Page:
WEST JORDAN — Goodbyes are always difficult. After retiring following the 2011 season and serving a religious mission, Roger DuPaix is returning to football as an assistant, his son, West Jordan coach Dan DuPaix, announced Monday afternoon.
“He wanted to help out anyway, but (I wanted) to have him officially on staff so the kids feel like they can go talk to him,” Dan DuPaix said. “He’s not there just for me; he’s there for the organization. It’s going to be tremendous for us as we continue to grow at West Jordan.”
Roger DuPaix retired from Skyline as the all-time winningest coach in Utah high school history. After 35 years pacing the sidelines, he finished with 301 career victories (246 with Skyline), 67 playoff wins and eight state championships. In the 1990s, Roger DuPaix led the Eagles to seven 5A state championships, including a record five straight from 1995 to 1999.
“As a new coach, for me personally, I’ve always relied on him,” his son said. “It’ll be great to have him there when I get in those unique situations to have that advice. Any young coach needs a mentor who you can rely on. Unofficially he’s kind of the coaches’ coach.”
The capacity in which Roger DuPaix will contribute has yet to be established, but in an email announcement to the players, Dan DuPaix defined his initial responsibilities in an organizational role.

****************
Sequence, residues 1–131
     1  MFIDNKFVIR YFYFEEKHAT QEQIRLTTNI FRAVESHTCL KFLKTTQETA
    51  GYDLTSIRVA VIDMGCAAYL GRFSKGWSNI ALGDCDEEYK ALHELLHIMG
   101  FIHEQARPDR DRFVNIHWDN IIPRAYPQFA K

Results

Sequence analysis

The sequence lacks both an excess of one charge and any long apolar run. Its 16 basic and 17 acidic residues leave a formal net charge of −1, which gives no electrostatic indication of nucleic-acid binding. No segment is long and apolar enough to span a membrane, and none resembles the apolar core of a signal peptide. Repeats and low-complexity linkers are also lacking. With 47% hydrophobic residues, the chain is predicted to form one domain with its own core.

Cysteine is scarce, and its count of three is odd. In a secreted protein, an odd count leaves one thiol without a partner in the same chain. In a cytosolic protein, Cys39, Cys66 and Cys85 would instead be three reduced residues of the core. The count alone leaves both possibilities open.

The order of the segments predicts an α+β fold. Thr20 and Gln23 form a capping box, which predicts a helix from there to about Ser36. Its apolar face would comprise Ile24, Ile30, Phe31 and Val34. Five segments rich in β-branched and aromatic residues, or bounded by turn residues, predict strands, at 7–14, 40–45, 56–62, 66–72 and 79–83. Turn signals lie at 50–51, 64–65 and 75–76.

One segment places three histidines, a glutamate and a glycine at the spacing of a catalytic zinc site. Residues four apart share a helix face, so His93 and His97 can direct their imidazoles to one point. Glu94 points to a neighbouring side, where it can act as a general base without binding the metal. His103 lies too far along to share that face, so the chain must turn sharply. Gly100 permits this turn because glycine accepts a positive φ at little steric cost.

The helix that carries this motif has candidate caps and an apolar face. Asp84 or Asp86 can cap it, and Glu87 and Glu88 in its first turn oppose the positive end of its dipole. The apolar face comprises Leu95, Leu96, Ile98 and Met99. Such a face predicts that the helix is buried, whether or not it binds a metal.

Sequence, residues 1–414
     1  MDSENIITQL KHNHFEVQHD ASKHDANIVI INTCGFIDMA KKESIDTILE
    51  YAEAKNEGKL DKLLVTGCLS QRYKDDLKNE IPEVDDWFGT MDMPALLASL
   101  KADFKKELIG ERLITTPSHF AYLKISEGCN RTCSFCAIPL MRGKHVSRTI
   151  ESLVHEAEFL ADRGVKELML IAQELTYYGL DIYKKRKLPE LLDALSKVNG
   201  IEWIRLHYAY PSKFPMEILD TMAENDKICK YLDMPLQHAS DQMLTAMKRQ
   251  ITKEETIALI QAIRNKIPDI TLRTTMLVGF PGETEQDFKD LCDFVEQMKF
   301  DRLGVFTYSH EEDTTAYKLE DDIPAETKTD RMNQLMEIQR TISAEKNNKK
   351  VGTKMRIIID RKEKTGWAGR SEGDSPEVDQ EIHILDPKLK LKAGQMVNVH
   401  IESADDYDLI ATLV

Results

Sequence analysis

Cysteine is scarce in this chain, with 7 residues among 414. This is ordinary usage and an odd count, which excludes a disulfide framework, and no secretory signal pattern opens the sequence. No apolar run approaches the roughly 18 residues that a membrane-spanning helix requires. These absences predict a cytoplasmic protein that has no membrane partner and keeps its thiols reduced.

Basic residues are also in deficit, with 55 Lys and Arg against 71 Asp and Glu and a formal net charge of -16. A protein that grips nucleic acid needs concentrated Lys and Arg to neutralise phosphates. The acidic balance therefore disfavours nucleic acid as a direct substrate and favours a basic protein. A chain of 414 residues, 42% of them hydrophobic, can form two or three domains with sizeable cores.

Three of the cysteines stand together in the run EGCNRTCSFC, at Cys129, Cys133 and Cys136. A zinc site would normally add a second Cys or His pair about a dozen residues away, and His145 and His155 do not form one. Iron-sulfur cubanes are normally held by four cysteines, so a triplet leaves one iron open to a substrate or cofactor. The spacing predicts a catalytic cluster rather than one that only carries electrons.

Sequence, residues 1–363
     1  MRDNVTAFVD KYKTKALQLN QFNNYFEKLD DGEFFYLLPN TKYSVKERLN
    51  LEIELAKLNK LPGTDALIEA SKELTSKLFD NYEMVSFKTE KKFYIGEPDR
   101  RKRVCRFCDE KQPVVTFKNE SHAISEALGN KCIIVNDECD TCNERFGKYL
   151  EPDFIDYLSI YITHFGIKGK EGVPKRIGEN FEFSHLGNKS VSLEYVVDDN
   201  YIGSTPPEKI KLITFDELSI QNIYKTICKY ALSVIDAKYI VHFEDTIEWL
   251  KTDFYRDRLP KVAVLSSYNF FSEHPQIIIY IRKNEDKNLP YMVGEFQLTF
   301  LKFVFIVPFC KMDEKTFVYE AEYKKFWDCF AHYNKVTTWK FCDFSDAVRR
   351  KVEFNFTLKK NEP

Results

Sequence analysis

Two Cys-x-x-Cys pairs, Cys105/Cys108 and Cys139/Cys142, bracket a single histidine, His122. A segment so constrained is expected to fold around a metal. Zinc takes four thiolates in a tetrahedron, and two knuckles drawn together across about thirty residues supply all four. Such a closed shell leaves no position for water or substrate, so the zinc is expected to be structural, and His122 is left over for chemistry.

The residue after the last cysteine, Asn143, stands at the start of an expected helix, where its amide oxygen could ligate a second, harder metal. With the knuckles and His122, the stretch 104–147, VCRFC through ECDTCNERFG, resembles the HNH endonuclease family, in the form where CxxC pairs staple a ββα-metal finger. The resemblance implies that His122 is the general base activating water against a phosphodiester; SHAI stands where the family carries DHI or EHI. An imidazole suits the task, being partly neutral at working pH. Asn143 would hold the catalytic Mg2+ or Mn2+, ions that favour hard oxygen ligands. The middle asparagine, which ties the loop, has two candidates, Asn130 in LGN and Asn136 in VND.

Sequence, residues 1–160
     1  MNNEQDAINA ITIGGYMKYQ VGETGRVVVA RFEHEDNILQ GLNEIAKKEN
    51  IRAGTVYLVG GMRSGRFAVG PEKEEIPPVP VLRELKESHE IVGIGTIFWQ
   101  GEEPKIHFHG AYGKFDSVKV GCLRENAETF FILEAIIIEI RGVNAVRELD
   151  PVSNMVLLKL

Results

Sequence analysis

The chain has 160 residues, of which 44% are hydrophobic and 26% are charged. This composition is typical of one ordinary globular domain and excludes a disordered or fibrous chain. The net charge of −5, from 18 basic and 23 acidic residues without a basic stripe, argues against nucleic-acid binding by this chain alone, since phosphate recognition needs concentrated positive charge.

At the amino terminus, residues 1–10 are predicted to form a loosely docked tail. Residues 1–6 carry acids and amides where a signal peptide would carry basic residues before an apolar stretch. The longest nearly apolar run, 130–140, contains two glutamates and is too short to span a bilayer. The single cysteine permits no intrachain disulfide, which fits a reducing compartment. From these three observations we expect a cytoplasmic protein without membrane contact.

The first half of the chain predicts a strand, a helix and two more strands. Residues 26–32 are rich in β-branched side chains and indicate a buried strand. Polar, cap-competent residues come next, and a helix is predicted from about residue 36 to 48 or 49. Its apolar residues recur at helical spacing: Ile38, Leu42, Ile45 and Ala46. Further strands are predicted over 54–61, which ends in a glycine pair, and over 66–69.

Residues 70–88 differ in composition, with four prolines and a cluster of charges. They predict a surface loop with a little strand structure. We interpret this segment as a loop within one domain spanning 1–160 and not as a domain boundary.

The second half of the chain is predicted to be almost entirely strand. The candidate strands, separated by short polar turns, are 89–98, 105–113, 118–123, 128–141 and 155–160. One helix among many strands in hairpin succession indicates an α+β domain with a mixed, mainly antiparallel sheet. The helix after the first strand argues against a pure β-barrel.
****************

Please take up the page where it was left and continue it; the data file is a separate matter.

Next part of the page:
“He’s been really hitting me since he got back to get together and work on quality control,” Dan said. “That can be any number of things; really looking at all those aspects and seeing where you can be more efficient and more effective. He’s going to be great wherever we put him.”
In Dan DuPaix’s first season at the helm in 2013, the Jaguars finished 1-9 and 0-5 in arguably the toughest region in the state. The program itself has an 132-194 record in 33 seasons and an all-time playoff record of 4-15, but Dan DuPaix believes with his father's presence, the program will progress.
“He’ll be the first one to tell you that the first few years are really hard. You’re trying to establish that consistency,” Dan DuPaix said. Roger DuPaix was 5-13 in his first two years at Highland before three consecutive eight-win seasons. “You can’t turn any program around overnight. No coach; no hire (or) single player is going to change the program. It’s the little things that I think he’s going to pay huge dividends for us.”
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